A Catholic reads the Bible, Week 15: Cruel and unusual punishments

The Book of Second Samuel has Laura Benardini questioning God's methods of punishment.

Laura Bernardini is director of coverage in CNN's Washington Bureau. The views expressed in this column belong to Bernardini.

Laura Bernardini

(CNN)This is week 15 of an ongoing series: A Catholic Reads the Bible. Read Week One, Week Two and Week Three.

I spent Sunday walking around Washington. It was glorious weather and I was struggling with what to write about, so I figured a long stroll would help.
Don't worry, I didn't wander for 40 hours or anything like that.
    This week's reading has been the second book of Samuel, which recounts Saul's death and King David's reign. As before in the Old Testament, there was a passage that troubled me.
    David's wife Michal talks back to him. David tersely corrects her, saying that God chose him to be King, and who was she to question him?
    Reading the next sentence, my eyes welled with tears and a lump rose in my throat. "And so Saul's daughter Michal was childless to the day of her death."
    Those sort of "punishments" have been meted out before, but this one seemed particularly outsized and unfair. I am a woman without children.
    This felt like a personal attack to me. How could God be so cruel? To rob a woman of motherhood just because she had a spat with her husband?
    It troubles me and I can't stop thinking about it. I might not have kids, but I wouldn't want God to punish me in that way.
    Friends tell me to not read the Bible with my modern lens, but it is hard because this punishment is so unfair -- and it's hard to imagine any time or any period in which punishing a woman in this way would be just.
    This is not an old cultural habit that I can't quite wrap my head around. This is cruel and unusual punishment, plain and simple. On this score, in this story, I sharply disagree with God.
    As I kept walking on Sunday, I thought more about what I'd read. As my feet began to ache, I realized Michal's story wasn't the crux of what I'd learned this week. Instead, I realized that the Biblical heroes aren't perfect.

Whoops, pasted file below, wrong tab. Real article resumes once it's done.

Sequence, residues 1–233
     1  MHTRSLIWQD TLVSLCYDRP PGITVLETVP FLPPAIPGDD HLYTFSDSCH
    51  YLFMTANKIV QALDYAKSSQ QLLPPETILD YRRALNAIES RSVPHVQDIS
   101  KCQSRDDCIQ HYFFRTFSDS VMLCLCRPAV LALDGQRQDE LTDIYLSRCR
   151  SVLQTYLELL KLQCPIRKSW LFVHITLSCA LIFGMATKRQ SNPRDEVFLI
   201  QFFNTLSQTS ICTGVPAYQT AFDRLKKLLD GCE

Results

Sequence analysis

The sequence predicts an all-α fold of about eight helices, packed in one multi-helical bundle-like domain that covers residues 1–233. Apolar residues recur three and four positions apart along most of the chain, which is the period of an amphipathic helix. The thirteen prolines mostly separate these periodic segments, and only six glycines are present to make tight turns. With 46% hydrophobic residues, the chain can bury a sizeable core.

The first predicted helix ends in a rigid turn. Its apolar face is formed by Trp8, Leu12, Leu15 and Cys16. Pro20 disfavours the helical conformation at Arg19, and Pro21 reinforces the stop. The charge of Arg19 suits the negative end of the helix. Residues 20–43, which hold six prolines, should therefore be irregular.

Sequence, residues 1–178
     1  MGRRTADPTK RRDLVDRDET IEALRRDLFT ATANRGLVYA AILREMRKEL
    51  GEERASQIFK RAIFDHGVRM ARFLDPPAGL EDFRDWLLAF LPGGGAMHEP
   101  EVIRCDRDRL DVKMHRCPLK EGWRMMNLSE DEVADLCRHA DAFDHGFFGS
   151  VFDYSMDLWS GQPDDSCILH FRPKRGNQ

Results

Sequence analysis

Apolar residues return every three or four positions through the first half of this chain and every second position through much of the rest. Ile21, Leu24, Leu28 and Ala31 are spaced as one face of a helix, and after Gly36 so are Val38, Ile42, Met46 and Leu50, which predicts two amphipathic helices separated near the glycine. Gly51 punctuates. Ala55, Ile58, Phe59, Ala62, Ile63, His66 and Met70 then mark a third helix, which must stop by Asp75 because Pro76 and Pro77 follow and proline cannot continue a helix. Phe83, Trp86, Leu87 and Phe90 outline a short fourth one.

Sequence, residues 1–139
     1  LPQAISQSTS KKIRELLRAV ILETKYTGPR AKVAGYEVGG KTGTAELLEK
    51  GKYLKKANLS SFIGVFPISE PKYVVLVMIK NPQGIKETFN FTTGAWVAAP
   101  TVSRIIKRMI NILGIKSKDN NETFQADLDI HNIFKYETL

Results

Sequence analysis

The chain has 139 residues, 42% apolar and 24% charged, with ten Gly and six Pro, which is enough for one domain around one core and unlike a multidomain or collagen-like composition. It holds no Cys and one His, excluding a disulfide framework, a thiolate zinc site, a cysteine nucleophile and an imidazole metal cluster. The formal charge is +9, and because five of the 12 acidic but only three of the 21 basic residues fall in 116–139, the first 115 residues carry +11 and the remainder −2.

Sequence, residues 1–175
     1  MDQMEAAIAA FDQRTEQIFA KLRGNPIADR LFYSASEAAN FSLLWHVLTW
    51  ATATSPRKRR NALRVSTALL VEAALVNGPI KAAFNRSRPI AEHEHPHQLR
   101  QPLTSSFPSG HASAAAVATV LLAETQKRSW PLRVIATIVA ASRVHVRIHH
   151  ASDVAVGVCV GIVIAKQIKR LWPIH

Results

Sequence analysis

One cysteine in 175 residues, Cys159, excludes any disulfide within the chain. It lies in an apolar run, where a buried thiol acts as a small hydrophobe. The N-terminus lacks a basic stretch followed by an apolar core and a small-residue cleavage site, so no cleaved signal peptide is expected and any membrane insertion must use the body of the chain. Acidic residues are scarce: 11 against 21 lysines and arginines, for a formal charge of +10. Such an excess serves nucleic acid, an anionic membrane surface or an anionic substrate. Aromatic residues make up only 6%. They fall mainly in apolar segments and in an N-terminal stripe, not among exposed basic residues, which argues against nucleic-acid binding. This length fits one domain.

Up until this week, to me King David was just a fancy hotel in Jerusalem -- a mythic hero worthy of five stars.
    David came to life in the pages of Samuel, for good and bad. I started out intrigued by the tall man after Saul, who had a rhyme dedicated to his exploits, "Saul has slain his thousands, but David his ten thousands."
    All that slaying continues throughout the two books of Samuel, then Saul dies and David becomes King. During the first book of Samuel, I thought Saul was the bad guy and David the hero. As God's chosen one, David should be perfect, right?
    Wrong.
    Soon after becoming King, David decides to take multiple wives and concubines. He also decides that he wants Uriah's wife Bathsheba. They have an affair, she gets pregnant and he arranges for Uriah to get killed in battle.
    I haven't even mentioned how David neglects his daughter Tamar when she is raped by her brother Amnon. Amnon is then killed by his other brother Absalom.
    These pages are really dark.
    So, OK, David was supposed to be this great King, but broke commandments and angered God. (I notice, though, that God does not render him childless.)
    But David does ask for forgiveness, which led me to think of confession.
    As Catholics, we are told to go to confession to get our sins forgiven and to clear up our relationship with God.
    I had always told my mom that I never wanted to go to confession because I was just talking to another human about what I had done "wrong."
    As a kid, I would confess my small misdeeds to her or else I couldn't sleep. That part of my childhood has stayed with me. I know that I'm not perfect. The Bible is teaching me that no one else is, either.